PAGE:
The misguided view of blended origins is synonymous with the reasons I have taken a break from chocolate blogging for a few months. Marketeers have told us so many untruths that I grew tiered of the constant battle of rectifying misconceptions. The view of those fairly new to the industry is that if you can specify the solitary country of which the cocoa was grown then the chocolate must be defacto better quality than a chocolate made from beans sourced from a variety of countries. We only have to listen to Bohemian Rhapsody to know that creating a whole (a song) from divergent sources (rock, ballad, opera) can combine to be something wonderful.
Stephanie Bonnat has crafted a mild, even by his standards, chocolate with beans originated from a diverse range of origins such as Brazil, Peru, Mexico, Venezuela and West Africa. The thought of blending the latter two origins alone would give many a heart attack.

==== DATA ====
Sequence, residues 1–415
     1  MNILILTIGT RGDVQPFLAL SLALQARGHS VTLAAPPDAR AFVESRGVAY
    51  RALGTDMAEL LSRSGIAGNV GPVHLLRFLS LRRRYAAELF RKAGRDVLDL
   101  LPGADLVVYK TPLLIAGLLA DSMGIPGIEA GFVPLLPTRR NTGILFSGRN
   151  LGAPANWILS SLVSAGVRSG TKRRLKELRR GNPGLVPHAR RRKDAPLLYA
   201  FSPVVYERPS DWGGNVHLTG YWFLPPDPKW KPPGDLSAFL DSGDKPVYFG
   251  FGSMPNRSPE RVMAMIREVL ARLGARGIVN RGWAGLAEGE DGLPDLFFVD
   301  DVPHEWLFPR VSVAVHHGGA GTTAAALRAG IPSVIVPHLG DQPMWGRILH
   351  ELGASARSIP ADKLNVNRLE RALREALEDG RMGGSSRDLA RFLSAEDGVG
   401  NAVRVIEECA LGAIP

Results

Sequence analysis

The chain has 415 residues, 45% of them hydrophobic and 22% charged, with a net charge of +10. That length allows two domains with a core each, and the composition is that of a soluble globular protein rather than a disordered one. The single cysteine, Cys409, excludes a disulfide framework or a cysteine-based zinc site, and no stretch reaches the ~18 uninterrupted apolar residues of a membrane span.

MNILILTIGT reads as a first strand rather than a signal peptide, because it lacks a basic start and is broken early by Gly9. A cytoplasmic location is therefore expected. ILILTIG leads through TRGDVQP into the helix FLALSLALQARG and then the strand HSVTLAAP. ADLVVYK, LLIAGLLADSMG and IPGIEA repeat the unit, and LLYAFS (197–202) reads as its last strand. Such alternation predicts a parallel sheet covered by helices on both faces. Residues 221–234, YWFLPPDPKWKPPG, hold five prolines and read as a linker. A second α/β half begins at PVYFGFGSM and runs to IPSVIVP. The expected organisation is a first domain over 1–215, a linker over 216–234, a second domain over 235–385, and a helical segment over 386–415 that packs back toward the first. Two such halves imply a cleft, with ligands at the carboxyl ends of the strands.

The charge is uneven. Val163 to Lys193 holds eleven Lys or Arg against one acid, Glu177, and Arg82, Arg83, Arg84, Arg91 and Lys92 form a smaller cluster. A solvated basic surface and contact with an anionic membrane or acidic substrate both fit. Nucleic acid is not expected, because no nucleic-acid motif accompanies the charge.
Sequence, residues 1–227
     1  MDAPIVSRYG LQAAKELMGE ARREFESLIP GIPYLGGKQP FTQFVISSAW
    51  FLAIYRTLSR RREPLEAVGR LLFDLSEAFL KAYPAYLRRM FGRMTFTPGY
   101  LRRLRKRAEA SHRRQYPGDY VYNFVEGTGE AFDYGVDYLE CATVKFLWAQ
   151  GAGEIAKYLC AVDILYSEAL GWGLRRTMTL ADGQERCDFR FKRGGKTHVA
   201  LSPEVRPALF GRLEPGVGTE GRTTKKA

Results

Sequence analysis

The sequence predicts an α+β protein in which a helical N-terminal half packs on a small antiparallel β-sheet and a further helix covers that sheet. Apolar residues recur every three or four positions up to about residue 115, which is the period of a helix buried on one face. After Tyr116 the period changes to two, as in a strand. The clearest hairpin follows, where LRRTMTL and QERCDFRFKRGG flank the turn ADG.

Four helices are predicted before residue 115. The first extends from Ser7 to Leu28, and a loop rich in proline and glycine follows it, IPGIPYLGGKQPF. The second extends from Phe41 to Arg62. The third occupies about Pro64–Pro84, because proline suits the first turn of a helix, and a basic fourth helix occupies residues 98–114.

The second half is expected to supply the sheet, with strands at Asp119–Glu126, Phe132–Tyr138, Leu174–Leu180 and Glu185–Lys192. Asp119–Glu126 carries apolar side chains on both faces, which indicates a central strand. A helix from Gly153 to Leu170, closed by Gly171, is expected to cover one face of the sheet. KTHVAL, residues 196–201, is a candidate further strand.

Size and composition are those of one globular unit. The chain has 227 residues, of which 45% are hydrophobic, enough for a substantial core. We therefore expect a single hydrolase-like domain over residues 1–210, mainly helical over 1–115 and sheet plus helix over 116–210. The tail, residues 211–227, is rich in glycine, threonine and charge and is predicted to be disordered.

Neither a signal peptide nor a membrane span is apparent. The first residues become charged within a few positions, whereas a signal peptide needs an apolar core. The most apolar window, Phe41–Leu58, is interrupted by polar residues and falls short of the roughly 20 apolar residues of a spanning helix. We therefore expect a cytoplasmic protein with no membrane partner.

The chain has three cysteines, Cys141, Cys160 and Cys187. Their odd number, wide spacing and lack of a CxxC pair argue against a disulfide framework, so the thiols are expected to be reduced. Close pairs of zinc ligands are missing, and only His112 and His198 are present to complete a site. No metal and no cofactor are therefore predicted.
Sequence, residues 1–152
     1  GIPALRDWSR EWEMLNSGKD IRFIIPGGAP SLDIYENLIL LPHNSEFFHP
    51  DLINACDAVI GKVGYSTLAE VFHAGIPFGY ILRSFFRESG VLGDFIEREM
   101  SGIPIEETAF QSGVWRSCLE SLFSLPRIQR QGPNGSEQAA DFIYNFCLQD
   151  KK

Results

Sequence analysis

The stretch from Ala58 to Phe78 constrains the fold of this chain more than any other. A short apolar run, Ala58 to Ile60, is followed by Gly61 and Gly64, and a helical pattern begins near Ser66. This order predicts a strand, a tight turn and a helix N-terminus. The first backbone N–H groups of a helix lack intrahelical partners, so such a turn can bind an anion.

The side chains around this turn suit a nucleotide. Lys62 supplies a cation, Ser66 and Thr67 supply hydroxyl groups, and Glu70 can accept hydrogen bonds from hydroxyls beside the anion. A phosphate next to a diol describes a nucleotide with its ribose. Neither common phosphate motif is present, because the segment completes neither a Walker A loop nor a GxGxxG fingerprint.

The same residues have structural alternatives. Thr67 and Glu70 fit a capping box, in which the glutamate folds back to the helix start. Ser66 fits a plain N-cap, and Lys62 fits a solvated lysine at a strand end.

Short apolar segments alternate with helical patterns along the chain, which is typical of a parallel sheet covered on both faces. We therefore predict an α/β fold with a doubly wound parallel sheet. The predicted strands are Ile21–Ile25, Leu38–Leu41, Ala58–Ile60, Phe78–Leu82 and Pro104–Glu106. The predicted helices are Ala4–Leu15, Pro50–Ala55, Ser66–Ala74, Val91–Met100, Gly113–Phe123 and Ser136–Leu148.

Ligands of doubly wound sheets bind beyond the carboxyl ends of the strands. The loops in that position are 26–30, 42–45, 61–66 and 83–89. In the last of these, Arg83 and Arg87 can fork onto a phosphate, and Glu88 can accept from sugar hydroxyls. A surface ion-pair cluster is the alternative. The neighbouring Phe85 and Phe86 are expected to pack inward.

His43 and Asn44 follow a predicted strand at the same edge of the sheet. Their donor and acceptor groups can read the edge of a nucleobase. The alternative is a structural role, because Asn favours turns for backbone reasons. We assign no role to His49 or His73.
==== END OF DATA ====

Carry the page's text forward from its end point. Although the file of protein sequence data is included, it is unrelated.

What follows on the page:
While the aroma is has no clear theme as it exhibits both a dustiness along the lines of a Carrefour own-label hot chocolate the flavour profile sits very much in the 'soothing' category. The blending has undoubtedly taken the personality out of the chocolate - both for good and for bad - but it this chocolate is what it is: an attempt to see how fine and bulk flavour chocolate can work together. It exhibits a lovely peppermint characteristic along with the hashness on the tip of the tongue I would expect from many West African chocolates.
Up against many single origins it wouldn't win any awards, but still it would have a significant change against some I've tasted in various awards judging rounds.
Bonnat's chocolate has a very specific outcome - you could almost always identify his chocolate in blind-tasting, and this chocolate remains true to his style. And if you're a fan of Bonnat's chocolate then I'm sure you would appreciate this.